A NEW urgent care facility for the “walking wounded” is taking the load off Hereford County Hospital’s overstretched A&E nurses and at-capacity wards.
The Clinical Assessment Unit (CAU), set up adjacent to A&E in December, assesses at-risk patients, tests and treats them in an average of five hours.
Andy Milestone, clinical lead at the unit, said: “The GP’s in this area have been crying out for this kind of unit.
“There have been improvements in patient flow, and a palpable feeling among nurses that this unit is taking pressure off A&E admission.”
It is designed to cater for the ‘walking wounded’ who could become seriously ill if not treated straight away, added Dr Milestone.
Since opening in December 2013 the ambulatory care service has seen average admissions double, rising from 4.8 per day in December to 11.3 in March.
Since April it has become fully operational, working alongside consultants from an extensive range of the hospital’s departments.
However because of its reliance on consultants, the service is only accessible during daytime hours.
Dr Milestone said: “It’s a dynamic service – and we are always looking at ways to expand it.”
Currently 71 percent of patients who stay at the County for less than a day pass through the unit, almost half of whom are back out within four hours.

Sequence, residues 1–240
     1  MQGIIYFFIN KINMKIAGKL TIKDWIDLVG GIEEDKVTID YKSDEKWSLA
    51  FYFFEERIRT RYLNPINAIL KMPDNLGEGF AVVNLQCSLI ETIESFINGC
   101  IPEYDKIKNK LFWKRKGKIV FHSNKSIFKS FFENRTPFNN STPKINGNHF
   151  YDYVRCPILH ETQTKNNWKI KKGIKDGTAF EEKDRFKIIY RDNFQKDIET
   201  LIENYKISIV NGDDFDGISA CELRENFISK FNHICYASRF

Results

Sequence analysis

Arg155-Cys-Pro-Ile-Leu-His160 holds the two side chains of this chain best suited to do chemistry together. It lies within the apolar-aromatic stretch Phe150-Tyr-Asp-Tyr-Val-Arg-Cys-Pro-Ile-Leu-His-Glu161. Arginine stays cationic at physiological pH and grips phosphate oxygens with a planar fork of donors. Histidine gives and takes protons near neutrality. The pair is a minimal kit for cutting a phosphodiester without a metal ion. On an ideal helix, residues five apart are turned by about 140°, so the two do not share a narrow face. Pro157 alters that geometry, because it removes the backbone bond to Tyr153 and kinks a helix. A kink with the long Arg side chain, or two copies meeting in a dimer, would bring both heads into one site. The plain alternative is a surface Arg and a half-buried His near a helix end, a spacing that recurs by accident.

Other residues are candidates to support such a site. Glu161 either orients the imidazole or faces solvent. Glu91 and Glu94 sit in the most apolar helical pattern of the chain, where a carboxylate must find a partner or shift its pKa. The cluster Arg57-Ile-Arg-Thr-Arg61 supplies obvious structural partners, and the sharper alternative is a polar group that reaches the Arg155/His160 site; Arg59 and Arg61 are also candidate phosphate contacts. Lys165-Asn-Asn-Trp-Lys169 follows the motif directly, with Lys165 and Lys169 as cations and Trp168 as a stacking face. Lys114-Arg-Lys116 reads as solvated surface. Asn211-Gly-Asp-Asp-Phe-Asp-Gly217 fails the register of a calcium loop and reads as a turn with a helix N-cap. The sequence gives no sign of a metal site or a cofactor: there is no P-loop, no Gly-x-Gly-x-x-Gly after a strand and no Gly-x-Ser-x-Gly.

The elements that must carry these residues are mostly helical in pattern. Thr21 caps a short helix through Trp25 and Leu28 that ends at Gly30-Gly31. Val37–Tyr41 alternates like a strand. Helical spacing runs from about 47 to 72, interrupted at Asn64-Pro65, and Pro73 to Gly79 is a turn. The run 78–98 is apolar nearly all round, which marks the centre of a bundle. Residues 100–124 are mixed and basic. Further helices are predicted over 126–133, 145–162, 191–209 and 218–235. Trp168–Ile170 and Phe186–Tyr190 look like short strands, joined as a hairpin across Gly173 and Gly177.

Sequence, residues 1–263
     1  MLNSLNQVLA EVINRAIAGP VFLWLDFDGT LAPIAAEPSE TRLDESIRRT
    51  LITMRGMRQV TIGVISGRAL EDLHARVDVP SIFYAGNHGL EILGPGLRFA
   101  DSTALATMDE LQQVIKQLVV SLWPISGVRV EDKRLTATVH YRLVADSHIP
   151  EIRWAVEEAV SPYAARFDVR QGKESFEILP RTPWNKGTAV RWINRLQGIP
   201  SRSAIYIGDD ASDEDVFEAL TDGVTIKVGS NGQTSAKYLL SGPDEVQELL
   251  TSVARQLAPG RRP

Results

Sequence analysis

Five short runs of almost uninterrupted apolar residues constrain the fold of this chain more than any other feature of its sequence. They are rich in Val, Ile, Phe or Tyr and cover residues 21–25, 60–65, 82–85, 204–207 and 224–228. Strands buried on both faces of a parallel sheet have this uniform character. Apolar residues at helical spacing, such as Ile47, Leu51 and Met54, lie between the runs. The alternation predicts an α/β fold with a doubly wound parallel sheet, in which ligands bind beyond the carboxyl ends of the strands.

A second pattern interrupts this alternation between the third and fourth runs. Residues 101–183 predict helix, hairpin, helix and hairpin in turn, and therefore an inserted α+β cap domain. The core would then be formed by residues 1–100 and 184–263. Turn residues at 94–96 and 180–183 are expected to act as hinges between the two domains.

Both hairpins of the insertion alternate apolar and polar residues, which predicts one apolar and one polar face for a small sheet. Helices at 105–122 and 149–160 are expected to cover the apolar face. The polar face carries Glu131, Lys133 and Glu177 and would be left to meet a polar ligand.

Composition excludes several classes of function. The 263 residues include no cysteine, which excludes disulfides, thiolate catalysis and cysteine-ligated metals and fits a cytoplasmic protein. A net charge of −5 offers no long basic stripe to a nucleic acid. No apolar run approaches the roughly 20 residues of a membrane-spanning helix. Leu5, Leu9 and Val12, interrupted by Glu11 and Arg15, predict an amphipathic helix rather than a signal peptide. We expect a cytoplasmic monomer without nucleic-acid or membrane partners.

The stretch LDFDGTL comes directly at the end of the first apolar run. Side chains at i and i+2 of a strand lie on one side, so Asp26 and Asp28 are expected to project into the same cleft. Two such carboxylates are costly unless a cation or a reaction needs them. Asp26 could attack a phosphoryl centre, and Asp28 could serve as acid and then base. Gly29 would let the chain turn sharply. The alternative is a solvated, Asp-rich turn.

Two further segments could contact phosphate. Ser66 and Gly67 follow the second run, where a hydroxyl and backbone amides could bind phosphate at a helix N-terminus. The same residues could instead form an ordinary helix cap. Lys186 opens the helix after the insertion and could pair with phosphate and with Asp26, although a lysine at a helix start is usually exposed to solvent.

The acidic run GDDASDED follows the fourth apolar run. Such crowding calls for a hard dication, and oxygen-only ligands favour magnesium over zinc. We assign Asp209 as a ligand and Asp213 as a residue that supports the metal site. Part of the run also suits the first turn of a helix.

And the unit is seen by the Wye Valley Trust as crucial to helping it manage beds during the winter, when demand spikes.
Along with the Virtual Wards service – which, launched in October, aims to provide hospital care at home – the Trust is looking to cut down on unnecessary admissions.
At the Trust’s annual general meeting in Hereford last week, it announced that the hospital saw a three per cent increase in A&E admittance.
Neil Doverty, WVT’s chief operating officer, said: “It is very clear that the inappropriate use of primary care is important.
“It is terribly important that we convey the message that everyone in Herefordshire understands that A&E is for life-threatening situations.”
It is a problem that has knock-on effects to both the service, and the Trust’s bottom line.
Caring for an aging county with the fourth lowest population density in England, the Trust will be “severely challenged” to make its budget balance said Howard Oddy, its director of finance.
For four straight years WVT has required bailouts from the Trust Development Authority, last year needing £9m to balance the books.
Mr Oddy said: “Unless we transform as an organisation we will continue to make a deficit.”